For climbing sake. 'Tis sweet to thee The den beneath the sloe-thorn, where
To sit where birds can sit alone,
Or share with thee thy venturous throne.
Thy fragrant air is yon thick smoke,
Which shrouds thee like a mourning cloak; And other marvels which my verse
And thou art cabin'd and confined, Can find no language to rehearse.
At once from sun, and dew, and wind;
Each bird that shakes the dewy grove
Or get thy tottering feet but on
Fly from the town, sweet child! for health
The Lass of Gleneslan-mill.
The bee the balmy fox-glove fair;
When song and sunshine fill the air :
With all her stars, pure streaming still;
The sweet lass of Gleneslan-mill.
The violets lay their blossoms low,
Beneath her white foot, on the plain;
Their fragrant heads the lilies wave,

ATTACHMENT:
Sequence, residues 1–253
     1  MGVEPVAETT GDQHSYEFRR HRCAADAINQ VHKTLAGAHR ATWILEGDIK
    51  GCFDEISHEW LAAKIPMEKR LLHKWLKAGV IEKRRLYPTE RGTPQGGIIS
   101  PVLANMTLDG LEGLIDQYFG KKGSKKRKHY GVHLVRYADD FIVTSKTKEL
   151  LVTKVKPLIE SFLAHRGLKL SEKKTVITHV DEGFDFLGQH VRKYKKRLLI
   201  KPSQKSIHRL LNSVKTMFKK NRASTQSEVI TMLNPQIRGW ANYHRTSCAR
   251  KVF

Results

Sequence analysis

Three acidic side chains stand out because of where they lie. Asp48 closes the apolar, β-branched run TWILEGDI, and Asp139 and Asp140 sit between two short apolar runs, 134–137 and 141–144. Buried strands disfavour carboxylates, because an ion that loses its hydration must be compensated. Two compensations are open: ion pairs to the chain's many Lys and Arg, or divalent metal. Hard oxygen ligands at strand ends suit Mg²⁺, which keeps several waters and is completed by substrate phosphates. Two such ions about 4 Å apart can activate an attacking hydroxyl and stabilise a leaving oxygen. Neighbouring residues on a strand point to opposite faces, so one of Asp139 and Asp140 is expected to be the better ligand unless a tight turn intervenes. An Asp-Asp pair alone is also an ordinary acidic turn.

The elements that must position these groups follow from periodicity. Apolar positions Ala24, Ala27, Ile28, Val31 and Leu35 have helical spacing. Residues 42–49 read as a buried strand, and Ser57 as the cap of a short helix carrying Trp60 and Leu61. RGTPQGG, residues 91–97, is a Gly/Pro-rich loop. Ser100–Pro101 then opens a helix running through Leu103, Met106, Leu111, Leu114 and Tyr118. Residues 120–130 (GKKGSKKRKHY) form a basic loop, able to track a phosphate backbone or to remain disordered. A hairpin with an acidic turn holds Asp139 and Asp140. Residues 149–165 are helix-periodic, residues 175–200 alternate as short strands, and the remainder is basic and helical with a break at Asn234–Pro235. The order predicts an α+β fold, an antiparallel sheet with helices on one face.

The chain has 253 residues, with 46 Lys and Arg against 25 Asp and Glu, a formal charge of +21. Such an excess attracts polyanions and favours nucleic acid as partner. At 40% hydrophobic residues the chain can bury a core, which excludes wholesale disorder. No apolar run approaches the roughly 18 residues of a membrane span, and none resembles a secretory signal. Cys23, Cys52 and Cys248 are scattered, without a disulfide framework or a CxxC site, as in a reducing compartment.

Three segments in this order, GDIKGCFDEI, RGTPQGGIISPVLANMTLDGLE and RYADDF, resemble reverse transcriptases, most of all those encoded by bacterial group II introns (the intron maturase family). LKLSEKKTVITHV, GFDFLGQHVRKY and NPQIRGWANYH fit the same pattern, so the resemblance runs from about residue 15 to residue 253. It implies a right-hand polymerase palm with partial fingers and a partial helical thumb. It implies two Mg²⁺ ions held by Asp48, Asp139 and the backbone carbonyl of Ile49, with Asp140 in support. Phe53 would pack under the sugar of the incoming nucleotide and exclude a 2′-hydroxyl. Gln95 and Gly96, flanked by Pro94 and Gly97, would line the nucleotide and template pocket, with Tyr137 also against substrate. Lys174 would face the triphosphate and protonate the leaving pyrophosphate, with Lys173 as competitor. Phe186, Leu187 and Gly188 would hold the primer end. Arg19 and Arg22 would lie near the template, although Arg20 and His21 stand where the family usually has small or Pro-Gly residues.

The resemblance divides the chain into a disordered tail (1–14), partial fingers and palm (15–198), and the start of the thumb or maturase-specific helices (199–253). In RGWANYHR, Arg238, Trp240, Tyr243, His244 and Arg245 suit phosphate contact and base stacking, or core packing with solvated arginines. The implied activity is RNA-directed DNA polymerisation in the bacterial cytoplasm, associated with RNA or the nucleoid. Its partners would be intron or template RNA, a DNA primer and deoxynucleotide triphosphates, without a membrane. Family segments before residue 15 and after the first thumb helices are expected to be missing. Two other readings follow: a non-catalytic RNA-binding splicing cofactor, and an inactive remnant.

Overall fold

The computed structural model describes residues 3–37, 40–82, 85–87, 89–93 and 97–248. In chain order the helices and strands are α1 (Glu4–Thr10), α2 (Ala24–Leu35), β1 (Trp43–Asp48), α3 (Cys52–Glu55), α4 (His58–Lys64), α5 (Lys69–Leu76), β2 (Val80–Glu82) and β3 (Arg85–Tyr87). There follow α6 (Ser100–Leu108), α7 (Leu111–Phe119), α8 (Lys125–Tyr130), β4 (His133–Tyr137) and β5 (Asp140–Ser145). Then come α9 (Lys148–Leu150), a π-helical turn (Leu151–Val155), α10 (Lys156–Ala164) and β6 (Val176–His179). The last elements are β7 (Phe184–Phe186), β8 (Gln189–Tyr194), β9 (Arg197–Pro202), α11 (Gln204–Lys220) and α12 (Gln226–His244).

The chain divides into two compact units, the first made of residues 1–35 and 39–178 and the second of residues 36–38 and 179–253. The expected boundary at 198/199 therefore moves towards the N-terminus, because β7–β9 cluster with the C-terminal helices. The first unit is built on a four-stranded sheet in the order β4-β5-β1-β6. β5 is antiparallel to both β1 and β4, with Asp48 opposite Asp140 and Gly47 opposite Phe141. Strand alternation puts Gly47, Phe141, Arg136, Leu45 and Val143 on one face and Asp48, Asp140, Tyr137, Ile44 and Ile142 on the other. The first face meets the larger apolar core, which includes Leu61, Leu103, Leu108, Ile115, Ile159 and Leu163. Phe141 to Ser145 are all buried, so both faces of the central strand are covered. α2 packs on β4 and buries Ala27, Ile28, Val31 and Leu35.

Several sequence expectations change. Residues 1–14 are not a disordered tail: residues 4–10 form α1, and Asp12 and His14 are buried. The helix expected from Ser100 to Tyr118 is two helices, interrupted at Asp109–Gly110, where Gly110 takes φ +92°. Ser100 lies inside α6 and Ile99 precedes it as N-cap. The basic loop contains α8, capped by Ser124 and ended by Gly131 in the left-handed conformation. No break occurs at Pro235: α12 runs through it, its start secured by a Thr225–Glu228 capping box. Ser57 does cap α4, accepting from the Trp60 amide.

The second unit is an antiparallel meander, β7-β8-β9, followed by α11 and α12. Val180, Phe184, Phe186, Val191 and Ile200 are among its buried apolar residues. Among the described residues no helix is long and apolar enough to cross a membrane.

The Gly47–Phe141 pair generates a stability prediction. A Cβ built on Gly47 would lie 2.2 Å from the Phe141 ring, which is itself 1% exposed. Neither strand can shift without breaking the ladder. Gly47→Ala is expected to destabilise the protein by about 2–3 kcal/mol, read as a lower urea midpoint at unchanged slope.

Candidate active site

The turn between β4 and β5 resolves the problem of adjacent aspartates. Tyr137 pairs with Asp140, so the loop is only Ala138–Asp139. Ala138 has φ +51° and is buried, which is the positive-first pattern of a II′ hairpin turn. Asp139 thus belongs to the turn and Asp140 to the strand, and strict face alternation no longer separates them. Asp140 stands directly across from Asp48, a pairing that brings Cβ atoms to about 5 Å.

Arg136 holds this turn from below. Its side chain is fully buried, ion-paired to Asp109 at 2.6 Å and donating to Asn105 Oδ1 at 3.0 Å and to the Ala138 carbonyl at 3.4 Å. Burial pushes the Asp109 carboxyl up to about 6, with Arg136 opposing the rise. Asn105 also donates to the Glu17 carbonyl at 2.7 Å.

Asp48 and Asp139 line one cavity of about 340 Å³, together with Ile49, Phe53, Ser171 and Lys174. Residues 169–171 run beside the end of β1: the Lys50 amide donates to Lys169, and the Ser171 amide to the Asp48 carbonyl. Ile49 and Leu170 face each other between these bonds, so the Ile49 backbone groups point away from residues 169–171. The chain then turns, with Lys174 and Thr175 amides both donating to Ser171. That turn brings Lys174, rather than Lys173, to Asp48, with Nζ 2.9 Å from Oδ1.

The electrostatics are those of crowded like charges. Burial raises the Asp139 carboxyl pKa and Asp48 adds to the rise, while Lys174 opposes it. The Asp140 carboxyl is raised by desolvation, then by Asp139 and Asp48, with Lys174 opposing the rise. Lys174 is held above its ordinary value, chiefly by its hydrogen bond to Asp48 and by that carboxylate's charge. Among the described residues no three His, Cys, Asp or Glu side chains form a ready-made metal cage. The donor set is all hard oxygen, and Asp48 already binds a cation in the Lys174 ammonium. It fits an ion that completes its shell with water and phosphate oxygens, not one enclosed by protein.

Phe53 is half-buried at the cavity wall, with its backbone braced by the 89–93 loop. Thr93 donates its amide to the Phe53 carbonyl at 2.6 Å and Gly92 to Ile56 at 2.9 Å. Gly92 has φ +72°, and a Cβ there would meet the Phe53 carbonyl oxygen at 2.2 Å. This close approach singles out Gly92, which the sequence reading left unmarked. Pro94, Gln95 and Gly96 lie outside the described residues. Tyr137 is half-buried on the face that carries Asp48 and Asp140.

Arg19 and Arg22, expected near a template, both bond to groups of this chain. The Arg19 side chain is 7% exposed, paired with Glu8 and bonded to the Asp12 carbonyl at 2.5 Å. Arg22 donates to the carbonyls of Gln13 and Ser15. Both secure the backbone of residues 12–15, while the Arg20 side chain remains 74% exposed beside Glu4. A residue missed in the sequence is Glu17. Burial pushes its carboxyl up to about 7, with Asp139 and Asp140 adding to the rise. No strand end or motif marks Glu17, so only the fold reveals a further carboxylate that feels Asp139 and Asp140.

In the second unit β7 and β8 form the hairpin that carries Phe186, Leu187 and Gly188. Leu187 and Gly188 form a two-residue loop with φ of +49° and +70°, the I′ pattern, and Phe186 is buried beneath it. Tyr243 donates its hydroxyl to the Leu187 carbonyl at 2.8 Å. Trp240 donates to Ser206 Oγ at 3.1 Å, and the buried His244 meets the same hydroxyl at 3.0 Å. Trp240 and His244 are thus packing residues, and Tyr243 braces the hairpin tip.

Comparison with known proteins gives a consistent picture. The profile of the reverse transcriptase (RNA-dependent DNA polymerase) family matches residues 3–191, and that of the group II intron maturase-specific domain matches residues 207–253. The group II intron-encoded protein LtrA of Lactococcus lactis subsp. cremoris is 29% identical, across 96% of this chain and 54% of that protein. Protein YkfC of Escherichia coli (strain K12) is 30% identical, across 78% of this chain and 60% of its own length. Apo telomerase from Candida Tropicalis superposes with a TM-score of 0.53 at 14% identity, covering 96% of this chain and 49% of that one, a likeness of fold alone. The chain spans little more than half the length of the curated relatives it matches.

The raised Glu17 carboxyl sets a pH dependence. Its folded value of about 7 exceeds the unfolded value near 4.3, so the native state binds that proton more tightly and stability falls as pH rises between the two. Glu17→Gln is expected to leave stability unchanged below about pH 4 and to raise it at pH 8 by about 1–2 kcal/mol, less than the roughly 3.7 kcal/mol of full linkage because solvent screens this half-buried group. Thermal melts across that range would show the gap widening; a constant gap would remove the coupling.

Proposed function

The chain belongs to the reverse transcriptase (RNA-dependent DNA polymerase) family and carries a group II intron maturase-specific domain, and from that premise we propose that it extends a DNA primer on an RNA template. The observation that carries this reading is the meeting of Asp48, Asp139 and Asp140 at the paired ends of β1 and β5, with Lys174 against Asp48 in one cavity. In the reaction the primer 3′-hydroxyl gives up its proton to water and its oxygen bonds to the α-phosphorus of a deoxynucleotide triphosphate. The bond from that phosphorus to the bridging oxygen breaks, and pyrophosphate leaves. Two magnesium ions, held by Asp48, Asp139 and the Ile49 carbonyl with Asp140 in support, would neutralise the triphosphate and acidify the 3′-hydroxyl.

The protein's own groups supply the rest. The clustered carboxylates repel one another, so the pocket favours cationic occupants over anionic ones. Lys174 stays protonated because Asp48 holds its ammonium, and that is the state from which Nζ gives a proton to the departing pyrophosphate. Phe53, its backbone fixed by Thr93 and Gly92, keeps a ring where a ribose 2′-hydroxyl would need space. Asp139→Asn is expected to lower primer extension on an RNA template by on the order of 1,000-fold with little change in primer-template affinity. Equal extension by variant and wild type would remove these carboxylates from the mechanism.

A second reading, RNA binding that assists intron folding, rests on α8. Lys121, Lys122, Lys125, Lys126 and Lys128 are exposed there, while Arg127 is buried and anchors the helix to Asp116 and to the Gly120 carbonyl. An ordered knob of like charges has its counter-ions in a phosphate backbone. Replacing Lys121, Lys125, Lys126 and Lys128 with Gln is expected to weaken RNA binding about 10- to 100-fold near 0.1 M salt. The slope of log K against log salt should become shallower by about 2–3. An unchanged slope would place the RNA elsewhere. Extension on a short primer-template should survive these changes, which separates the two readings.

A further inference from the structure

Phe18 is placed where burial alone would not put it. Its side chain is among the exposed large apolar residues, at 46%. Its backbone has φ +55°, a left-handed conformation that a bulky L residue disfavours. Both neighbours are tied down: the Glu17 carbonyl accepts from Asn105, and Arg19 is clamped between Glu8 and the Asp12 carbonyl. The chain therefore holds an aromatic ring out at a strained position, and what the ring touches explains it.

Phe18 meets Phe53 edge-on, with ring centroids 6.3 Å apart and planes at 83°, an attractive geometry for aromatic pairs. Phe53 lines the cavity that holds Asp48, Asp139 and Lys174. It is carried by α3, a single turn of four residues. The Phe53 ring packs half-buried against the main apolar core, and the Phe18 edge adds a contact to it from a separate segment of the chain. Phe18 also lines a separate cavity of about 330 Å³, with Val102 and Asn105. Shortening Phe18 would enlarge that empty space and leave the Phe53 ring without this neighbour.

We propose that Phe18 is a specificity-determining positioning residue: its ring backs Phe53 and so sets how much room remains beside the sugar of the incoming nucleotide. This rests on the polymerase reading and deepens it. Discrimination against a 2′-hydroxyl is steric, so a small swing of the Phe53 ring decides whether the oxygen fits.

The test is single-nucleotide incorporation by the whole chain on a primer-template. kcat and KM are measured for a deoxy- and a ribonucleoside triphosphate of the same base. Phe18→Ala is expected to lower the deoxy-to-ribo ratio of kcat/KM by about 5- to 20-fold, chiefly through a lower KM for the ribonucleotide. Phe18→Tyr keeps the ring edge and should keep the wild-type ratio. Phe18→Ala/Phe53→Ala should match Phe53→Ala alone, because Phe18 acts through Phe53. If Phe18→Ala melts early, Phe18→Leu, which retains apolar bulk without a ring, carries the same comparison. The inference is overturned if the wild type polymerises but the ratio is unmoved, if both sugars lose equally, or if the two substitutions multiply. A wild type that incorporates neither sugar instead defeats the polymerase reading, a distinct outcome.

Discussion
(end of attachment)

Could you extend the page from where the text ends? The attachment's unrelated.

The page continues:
Of her superior presence fain.
O might I clasp her to my heart, Awake, my love! ere morning's ray
And of her ripe lips have my will!
Was she by green Gleneslan-mill.
Mute was the wind, soft fell the dew,
O’er Blackwood brow bright glow'd the moon; Or birds upon the boughs awake,
Rills murmur'd music, and the stars Till green Arbigland's woodlands shake.
Refused to set our heads aboon:
Ye might have heard our beating hearts, She comb'd her curling ringlets down,
Our mixing breaths, all was so still, Lac'd her green jupes, and clasp'd her shoon;
Till morning's light shone on her locks,
Farewell, lass of Gleneslan-mill.
Had I the eye of worldish care, The goldspink answer'd from the bush;
I could not think thee half so sweet, The plover, fed on heather crop,
Look on thee so, or love thee mair. Call'd from the misty mountain top.
Till death's cold dewdrop dim mine eye,
This tongue be mute, this heart lie still, 'Tis sweet, she said, while thus the day
Thine every wish of joy and love,
My lass of green Gleneslan-mill!
The Poet's Bridal-day Song. Yes, lovely one! and dost thou mark
0! my love's like the steadfast sun, The moral of yon carolling lark ?
Or streams that deepen as they run; Tak'st thou from Nature's counsellor tongue Nor hoary hairs, nor forty years, The warning precept of her song?
Nor moments between sighs and fears;